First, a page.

Navigation Links
Ocean plankton sponge up nearly twice the carbon currently assumed
Date:3/17/2013

Irvine, Calif. Models of carbon dioxide in the world's oceans need to be revised, according to new work by UC Irvine and other scientists published online Sunday in Nature Geoscience. Trillions of plankton near the surface of warm waters are far more carbon-rich than has long been thought, they found. Global marine temperature fluctuations could mean that tiny Prochlorococcus and other microbes digest double the carbon previously calculated. Carbon dioxide is the leading driver of disruptive climate change.

In making their findings, the researchers have upended a decades-old core principle of marine science known as the Redfield ratio, named for famed oceanographer Alfred Redfield. He concluded in 1934 that from the top of the world's oceans to their cool, dark depths, both plankton and the materials they excrete contain the same ratio (106:16:1) of carbon, nitrogen and phosphorous.

But as any gardener who has done a soil test knows, amounts of those elements can vary widely. The new study's authors found dramatically different ratios at a variety of marine locations. What matters more than depth, they concluded, is latitude. In particular, the researchers detected far higher levels of carbon in warm, nutrient-starved areas (195:28:1) near the equator than in cold, nutrient-rich polar zones (78:13:1).

"The Redfield concept remains a central tenet in ocean biology and chemistry. However, we clearly show that the nutrient content ratio in plankton is not constant and thus reject this longstanding central theory for ocean science," said lead author Adam Martiny, associate professor of Earth system science and ecology & evolutionary biology at UC Irvine. "Instead, we show that plankton follow a strong latitudinal pattern."

He and fellow investigators made seven expeditions to gather big jars of water from the frigid Bering Sea, the North Atlantic near Denmark, mild Caribbean waters and elsewhere. They used a sophisticated $1 million cell sorter aboard the research vessel to analyze samples at the molecular level. They also compared their data to published results from 18 other marine voyages.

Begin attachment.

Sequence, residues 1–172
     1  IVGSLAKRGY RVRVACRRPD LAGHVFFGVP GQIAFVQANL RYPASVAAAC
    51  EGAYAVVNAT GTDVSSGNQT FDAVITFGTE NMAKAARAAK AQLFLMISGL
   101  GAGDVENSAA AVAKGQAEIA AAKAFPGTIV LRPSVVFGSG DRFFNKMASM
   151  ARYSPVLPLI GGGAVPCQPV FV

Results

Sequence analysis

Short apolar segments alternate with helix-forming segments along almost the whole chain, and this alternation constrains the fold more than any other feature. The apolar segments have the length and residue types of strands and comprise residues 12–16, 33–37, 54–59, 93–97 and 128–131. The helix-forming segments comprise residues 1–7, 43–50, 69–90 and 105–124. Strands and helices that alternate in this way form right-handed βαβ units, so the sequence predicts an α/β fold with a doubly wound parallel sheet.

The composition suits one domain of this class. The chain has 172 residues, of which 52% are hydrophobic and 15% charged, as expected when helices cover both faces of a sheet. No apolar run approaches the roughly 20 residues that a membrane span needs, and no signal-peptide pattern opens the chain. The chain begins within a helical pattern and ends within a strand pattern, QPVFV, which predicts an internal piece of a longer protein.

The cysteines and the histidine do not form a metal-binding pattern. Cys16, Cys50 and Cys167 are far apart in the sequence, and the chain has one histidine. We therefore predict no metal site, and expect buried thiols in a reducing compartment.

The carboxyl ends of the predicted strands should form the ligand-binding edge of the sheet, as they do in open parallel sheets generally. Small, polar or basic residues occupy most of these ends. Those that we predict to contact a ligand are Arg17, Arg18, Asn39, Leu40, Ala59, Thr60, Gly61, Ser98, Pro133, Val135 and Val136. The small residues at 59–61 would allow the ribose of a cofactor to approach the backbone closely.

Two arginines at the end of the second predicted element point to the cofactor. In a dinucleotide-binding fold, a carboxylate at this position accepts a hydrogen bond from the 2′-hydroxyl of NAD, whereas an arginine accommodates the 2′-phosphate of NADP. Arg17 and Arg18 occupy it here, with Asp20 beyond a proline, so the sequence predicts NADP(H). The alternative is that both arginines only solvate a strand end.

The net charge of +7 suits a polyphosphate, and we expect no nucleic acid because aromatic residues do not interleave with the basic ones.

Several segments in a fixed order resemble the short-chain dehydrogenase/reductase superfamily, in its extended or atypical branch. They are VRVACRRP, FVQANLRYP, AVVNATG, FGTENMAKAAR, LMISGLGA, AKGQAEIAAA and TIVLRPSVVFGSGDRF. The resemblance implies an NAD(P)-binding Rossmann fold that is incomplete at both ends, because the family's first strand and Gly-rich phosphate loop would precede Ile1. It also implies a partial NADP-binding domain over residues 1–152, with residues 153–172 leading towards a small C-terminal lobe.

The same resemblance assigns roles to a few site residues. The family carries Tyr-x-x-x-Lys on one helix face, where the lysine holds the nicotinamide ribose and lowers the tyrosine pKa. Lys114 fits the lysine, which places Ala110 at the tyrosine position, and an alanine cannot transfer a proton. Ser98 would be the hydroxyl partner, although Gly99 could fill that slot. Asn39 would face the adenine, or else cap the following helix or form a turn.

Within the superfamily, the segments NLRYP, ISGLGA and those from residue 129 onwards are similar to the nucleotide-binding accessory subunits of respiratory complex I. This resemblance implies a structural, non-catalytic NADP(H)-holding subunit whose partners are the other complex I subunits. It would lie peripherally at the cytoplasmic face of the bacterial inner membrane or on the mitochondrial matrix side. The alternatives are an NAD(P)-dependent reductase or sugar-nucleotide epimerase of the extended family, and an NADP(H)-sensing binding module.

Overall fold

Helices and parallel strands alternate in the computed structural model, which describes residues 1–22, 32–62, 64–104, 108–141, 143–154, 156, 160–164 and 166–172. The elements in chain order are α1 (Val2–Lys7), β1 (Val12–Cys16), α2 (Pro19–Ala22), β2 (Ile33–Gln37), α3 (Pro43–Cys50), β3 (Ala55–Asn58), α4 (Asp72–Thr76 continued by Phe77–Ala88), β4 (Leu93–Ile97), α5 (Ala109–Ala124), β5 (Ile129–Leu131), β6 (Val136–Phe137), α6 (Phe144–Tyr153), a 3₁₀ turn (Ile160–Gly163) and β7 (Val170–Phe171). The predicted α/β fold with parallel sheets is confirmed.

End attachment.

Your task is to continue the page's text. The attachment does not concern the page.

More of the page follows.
Martiny noted that since Redfield first announced his findings, "there have been people over time putting out a flag, saying, 'Hey, wait a minute.'" But for the most part, Redfield's ratio of constant elements is a staple of textbooks and research. In recent years, Martiny said, "a couple of models have suggested otherwise, but they were purely models. This is really the first time it's been shown with observation. That's why it's so important."


'/>"/>

Contact: Janet Wilson
janet.wilson@uci.edu
949-824-3969
University of California - Irvine
Source:Eurekalert

Related biology news :

1. Oceans acidifying faster today than in past 300 million years
2. Rising ocean temperatures harm protected coral reefs
3. Study by Haverford College professor reveals unprecedented impact of Deepwater Horizon on deep ocean
4. WHOI researchers, collaborators receive $1.4 million grant to study life in oceans greatest depths
5. Oceanographers develop method for measuring the pace of life in deep sediments
6. Corals could survive a more acidic ocean
7. Ocean acidification linked to larval oyster failure
8. Wind pushes plastics deeper into oceans, driving trash estimates up
9. Scientists provide first large-scale estimate of reef shark losses in the Pacific Ocean
10. First satellite tag study for manta rays reveals habits and hidden journeys of ocean giants
11. Plastic trash altering ocean habitats, Scripps study shows
Post Your Comments:
*Name:
*Comment:
*Email:
(Date:2/3/2016)... --> --> ... Fingerprint Identification System Market by Component (Hardware and Software), ... Finance, Government, Healthcare, and Transportation) and Geography - Global ... expected to be worth USD 8.49 Billion by 2020 ... 2020. The transformation and technology evolution from the manual ...
(Date:2/2/2016)... , Feb. 2, 2016 This ... the bioinformatic market by reviewing the recent advances ... tools that drive the field forward. Includes forecast ... Identify the challenges and opportunities that exist ... and software solution developers, as well as IT ...
(Date:2/2/2016)... 2, 2016  Based on its recent analysis ... recognizes US-based Intelligent Retinal Imaging Systems (IRIS) with ... for New Product Innovation. IRIS, a prominent cloud-based ... America , is poised to set the ... retinopathy market. The IRIS technology presents superior price-performance ...
Breaking Biology News(10 mins):
(Date:2/3/2016)... ... February 03, 2016 , ... Aerocom, a world-leading supplier ... the North American healthcare market. , Aerocom Healthcare, LLC will be based in ... will provide new pneumatic tube systems or expand existing systems within the U.S. ...
(Date:2/3/2016)... ... February 03, 2016 , ... Resilinc released online ... analyzes nearly 750 unique supply chain notifications and alerts generated by its ... chain risk management practitioners subscribe to the EventWatch service to receive early warnings ...
(Date:2/3/2016)... (PRWEB) , ... February 03, 2016 , ... ... products to aid in the rapid development and ongoing quality control of molecular ... Virus outbreak is extremely high,” Dr. Gregory R. Chiklis, President and CEO of ...
(Date:2/3/2016)... ... 03, 2016 , ... Big games come and go, but only one will ... country. CereScan, a nationally recognized brain diagnostics and technology company, will join NFL alumni ... vs. NFL Stars Flag Football Game on February 6, 2016. , The event, ...
Breaking Biology Technology: